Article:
A group of law firms have been working with the Rocky Mountain Immigrant Advocacy Network in a first-of-its-kind program to help asylum seekers, and so far, it seems to be working.
Davis Graham & Stubbs, Gibson Dunn, Kilpatrick Townsend & Stockton and Wilmer Hale have partnered with the immigration legal aid organization to offer assistance on a recurring and rotating basis to asylum seekers who are preparing for interviews that can determine whether they’re allowed to stay in the U.S. For RMIAN, having that constant flow of volunteers allows it to serve more people with less time spent training attorneys. The early results of the Preparing Asylum Seekers for Success, or PASS program, means it might soon be replicated in other parts of the country.
The program puts attorneys in touch with asylum seekers to prepare them for credible fear interviews — the step of the process where they give their story to an immigration judge and explain the risks facing them in their home country. David Hsu, an attorney at Kilpatrick Townsend & Stockton in Denver, said they focus on strengthening their stories, much in the same way someone might prepare for a college application or job interview.
Often, their stories start out in general terms that would lead immigration judges to ask follow up questions in order to glean more information about why the person should be allowed to seek asylum in the U.S. By helping them tell a strong story from the start, the asylum seekers are able to present their situation and increase their chances of receiving a positive decision.
Karam Saab said he worked with a newspaper reporter from Venezuela who told him her story in roughly a minute. Through asking her questions and pulling out details from the story, he found out that she had been confronted by government officials and faced threats for writing certain articles, and when her home was riddled with bullets one night, she decided to flee to the U.S.
He said asking those types of questions and helping asylum seekers prepare for their interviews is important so those crucial details and compelling stories are top of mind when they’re before someone in the immigration court.
The four firms rotate as volunteers on a weekly basis, and individuals from the firms say how many cases they can take. That rotation allows firms to offer as much assistance as they’re able and ensures that RMIAN gets a steady flow of volunteers, Saab said.
WHERE PASS STARTED
Laura Lunn, detention program managing attorney at RMIAN, saw the value in the interview prep model while working at the family detention center in Dilley, Texas, where attorneys worked on-site and helped prepare people for those interviews. Once she came to RMIAN, she started brainstorming how to implement a similar model. By working with a group of law firms, RMIAN can spend less time onboarding volunteers and have more assurance that there will be attorneys available to jump in and help.
For instance, RMIAN is able to do a group training with many attorneys at once and rely on firm mentors to onboard new attorneys as needed.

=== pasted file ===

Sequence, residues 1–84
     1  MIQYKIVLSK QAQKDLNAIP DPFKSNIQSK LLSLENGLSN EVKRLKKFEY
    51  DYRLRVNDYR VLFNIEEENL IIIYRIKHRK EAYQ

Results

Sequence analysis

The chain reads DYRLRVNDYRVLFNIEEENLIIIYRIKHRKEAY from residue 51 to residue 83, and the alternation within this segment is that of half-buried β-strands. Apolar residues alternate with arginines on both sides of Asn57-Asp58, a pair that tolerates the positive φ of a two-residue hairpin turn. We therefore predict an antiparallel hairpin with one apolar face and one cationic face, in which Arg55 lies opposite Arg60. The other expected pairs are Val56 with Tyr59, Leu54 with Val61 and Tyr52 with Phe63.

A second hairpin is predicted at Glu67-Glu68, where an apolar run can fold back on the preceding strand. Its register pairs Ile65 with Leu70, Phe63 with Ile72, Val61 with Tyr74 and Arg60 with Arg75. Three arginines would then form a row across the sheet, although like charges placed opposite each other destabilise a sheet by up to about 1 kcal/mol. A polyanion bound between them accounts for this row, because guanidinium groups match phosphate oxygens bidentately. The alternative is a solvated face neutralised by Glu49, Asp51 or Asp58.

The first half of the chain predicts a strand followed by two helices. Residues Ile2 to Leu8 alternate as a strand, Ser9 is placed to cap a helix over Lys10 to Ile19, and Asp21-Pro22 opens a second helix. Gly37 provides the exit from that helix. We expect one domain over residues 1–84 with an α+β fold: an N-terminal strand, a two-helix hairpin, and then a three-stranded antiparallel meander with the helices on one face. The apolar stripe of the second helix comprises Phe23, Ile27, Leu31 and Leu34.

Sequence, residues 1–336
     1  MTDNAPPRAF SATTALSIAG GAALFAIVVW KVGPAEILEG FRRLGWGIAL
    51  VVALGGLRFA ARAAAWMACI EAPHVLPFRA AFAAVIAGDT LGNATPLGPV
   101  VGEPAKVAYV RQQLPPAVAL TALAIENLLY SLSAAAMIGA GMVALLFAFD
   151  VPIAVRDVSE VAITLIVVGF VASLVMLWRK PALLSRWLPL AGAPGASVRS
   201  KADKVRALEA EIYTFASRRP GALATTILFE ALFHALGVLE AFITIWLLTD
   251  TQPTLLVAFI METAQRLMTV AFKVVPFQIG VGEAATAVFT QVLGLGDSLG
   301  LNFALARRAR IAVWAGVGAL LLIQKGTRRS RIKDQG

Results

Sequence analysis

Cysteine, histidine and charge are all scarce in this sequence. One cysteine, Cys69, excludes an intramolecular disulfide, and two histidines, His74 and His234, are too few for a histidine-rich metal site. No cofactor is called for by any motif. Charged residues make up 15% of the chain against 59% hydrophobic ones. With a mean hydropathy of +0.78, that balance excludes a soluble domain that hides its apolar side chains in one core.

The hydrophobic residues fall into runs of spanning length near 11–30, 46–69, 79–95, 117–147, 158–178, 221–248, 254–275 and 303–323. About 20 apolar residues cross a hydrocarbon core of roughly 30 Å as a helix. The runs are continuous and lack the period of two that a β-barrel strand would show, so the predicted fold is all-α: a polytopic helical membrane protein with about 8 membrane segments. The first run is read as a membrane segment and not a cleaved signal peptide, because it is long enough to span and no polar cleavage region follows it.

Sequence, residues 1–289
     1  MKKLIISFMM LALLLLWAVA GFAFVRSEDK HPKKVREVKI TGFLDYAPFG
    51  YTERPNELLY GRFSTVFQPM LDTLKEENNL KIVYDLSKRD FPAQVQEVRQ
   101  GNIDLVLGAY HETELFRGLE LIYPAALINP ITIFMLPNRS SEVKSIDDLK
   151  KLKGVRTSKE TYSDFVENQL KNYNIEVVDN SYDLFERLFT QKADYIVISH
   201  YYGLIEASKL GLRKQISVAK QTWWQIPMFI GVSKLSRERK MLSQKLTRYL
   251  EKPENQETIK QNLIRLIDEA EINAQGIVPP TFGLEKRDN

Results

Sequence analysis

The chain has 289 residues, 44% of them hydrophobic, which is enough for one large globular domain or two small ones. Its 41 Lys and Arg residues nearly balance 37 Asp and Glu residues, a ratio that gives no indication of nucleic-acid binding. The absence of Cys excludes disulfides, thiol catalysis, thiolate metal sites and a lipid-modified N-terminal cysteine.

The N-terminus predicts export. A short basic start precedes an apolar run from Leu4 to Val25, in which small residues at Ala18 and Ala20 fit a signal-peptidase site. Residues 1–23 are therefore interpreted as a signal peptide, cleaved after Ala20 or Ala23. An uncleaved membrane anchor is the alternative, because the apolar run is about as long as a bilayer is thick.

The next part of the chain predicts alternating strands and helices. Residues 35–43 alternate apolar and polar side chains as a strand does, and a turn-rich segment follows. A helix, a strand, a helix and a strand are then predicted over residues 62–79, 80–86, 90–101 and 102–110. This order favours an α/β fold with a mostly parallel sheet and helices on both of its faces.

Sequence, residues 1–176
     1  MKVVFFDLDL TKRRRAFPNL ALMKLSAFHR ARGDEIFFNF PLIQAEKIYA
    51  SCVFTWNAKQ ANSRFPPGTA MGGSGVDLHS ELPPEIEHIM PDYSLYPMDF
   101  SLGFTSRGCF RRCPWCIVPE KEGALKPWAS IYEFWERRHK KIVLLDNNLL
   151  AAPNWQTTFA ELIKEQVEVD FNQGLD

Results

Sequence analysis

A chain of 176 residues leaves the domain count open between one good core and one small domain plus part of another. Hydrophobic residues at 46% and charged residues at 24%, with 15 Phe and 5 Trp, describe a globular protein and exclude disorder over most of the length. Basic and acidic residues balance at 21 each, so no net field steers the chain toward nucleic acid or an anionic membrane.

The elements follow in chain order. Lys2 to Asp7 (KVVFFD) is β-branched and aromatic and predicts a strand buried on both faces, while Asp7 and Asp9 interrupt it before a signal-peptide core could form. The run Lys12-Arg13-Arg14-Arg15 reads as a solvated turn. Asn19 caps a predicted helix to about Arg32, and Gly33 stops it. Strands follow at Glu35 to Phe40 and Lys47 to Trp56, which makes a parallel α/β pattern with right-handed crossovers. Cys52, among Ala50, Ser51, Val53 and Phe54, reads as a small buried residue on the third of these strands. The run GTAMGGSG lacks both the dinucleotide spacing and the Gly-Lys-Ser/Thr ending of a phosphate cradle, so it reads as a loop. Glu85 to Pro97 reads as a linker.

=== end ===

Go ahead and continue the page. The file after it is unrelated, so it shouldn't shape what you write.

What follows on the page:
“The sustainability of this is night and day,” Lunn said. “Now, we can refer out over 100 cases in six months.” Before starting the PASS Program, RMIAN numbers might be more like 20 per year for credible fear interviews.
Thus far, the program has seen positive results in terms of numbers helped, but Lunn said the qualitative impact has been positive as well, even if only measured anecdotally. She said the vast majority of cases receive positive decisions, though she doesn’t have data. RMIAN is currently collecting data on past cases to determine its success and is coming up with new plans to collect that data going forward.
The program’s ability to assist more people has also caught the eye of similar organizations around the country. Through working with the Immigration Justice Campaign, a joint initiative between the American Immigration Lawyers Association and the American Immigration Counsel, the program is being translated to at least one other venue. The campaign is looking to implement a similar program in New Jersey, a site similar to Denver in that it is close to a detention center in Elizabeth, New Jersey, as well as an urban area with a lot of law firms.
“We’re hoping to expand PASS program to meet the needs of asylum seekers,” Lunn said, regarding the program here in Denver as well as rolling out similar models elsewhere. She said the asylum process is shifting in the U.S., with U.S. Customs and Border Protection conducting interviews to screen people for asylum in addition to “asylum ban 2.0” — the executive order that requires asylum seekers to first seek asylum in a country they are passing through before arriving at the U.S. border.
“The PASS program is evolving and shifting to try to better meet the needs of asylum seekers when they’re being attacked,” Lunn said. “We can lean on our partners at firms to represent them in interviews before the immigration court, in request for reconsideration and to brainstorm with us how to make better change when laws are being morphed and implemented right now.”
— Tony Flesor, [email protected]